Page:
Non-breeding adult fathead minnows were collected from four different populations in and near Saskatoon, Saskatchewan, Canada in late fall 2009 using seine nets and minnow traps. We caught the fish outside the breeding season because male minnows in reproductive condition have reduced numbers of ECCs [6]. Feedlot Pond is a 1-ha pond located on the University of Saskatchewan campus in Saskatoon. The pond was originally filled from the South Saskatchewan River in 1959 to provide water for agricultural purposes. Historically, water (and potentially fish) from the river were pumped into the pond on an annual basis, but no water has been pumped into the pond for at least 15 years and consequently it can be considered a closed system. Pike Lake is an oxbow lake of the South Saskatchewan River, located approximately 33 km south of Saskatoon. Water (and possibly fish) are pumped from the river occasionally to maintain water levels in the lake. Both Marshy Creek and Oscar Creek drain into Redberry Lake, a large saline lake within an enclosed evaporation basin approximately 73 km northwest of Saskatoon. Both Marshy Creek and Oscar Creek contain numerous beaver dams and culverts that impede the movement of fish in the creek.

For the field survey, we collected 50 minnows from each of Feedlot Pond, Pike Lake and Oscar Creek populations. In Marshy Creek we collected 50 minnows from each of four locations (hereafter referred as M-1, M-2, M-3 and M-4) separated by approximately 6 to 12 km. Table 1 provides a summary of water quality parameters (water temperature, dissolved oxygen, pH, salinity and conductivity) that were recorded at each site at the time the fish were captured. Immediately after capture, the fish were euthanized with an overdose of MS-222 in accordance with the Animal Care Protocol Number 20050067. The fish were weighed and measured (standard length), and subsequently fixed in 10% neutral buffered formalin (3.7% formaldehyde w/v) until processed for histological analysis. Table 2 provides a summary of the body condition parameters as well as the mean number of blackspots on each fish. Blackspot disease is commonly observed in freshwater fish as pinhead sized spots located on the fins and body of infected fish [21], [27]. It is caused by a trematode parasite (Ornithodiplostomum sp.) having a three-host life cycle, where the fish is the second intermediate host [28]. Exposure to trematodes is known to influence ECC investment [17].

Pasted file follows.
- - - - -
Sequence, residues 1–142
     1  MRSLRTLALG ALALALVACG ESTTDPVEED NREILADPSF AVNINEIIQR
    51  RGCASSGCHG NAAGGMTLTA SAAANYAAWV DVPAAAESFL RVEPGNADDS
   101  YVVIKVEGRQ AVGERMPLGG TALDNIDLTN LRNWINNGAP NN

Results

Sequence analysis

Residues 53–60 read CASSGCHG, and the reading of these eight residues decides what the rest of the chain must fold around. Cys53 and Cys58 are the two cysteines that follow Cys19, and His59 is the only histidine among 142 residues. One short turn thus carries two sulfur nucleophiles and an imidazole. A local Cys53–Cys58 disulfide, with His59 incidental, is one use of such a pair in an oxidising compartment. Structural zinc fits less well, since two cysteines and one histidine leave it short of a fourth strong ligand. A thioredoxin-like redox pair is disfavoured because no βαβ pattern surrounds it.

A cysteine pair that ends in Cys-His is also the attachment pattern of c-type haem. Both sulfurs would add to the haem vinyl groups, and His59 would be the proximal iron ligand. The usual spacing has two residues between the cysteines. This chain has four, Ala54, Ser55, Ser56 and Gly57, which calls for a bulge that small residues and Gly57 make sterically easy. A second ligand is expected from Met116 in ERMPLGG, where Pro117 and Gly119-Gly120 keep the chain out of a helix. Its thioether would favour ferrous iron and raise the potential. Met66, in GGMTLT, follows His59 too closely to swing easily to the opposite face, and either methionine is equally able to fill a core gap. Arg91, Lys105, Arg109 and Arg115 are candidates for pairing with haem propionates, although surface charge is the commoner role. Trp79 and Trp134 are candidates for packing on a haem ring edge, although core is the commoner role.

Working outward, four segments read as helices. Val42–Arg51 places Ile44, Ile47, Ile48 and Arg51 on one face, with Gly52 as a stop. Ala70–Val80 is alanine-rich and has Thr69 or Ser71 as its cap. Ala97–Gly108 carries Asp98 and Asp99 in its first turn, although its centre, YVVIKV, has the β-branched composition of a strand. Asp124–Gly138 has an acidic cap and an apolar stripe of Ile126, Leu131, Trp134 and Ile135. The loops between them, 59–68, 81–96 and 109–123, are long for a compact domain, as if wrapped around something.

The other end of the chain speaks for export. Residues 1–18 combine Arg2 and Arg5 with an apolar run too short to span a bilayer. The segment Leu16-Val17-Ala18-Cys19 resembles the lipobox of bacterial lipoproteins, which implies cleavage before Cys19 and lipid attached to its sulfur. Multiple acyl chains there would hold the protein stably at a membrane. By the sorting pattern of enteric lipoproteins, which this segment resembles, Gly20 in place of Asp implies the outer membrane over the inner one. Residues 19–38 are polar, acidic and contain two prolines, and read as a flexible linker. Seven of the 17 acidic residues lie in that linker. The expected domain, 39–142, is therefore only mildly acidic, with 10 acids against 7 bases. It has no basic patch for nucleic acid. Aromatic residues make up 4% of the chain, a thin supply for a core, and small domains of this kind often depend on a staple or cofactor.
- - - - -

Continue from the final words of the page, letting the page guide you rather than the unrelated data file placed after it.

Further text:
Table 2. Mean (±S.E.) body condition index parameters and blackspot burden for fish used in the field survey and lab study.

Laboratory maintenance study

Minnows from the Pike Lake site and two Marshy Creek sites (M-1 and M-3) were randomly selected for the laboratory study. We collected adult minnows from each of the three sites and transported them to the laboratory. The containers housing minnows were aerated until they were brought to the lab and gradually transferred to tanks ensuring a ±1°C variation in temperature between their containers and aquaria water. Minnows were divided in groups of 10 and placed in 74-L aquaria (60×30×40 cm) each of which was equipped with an airstone. We had a total of 10 tanks of 10 fish from each of the three locations. For statistical purposes, we considered the tank, not the individual fish, as our replicative unit. The minnows were reared under standard laboratory conditions for up to 28 days. They were maintained on a 14:10 hr light:dark cycle and fed Nutrafin© tropical flake food ad libitum (guaranteed 46% minimum crude protein, 5% minimum crude fat, 2% maximum crude fibre, 8% maximum moisture) twice daily. We conducted a 10% water change each week and measured water quality parameters every other day to check for temperature, pH, nitrate, nitrite, hardness and chlorine levels.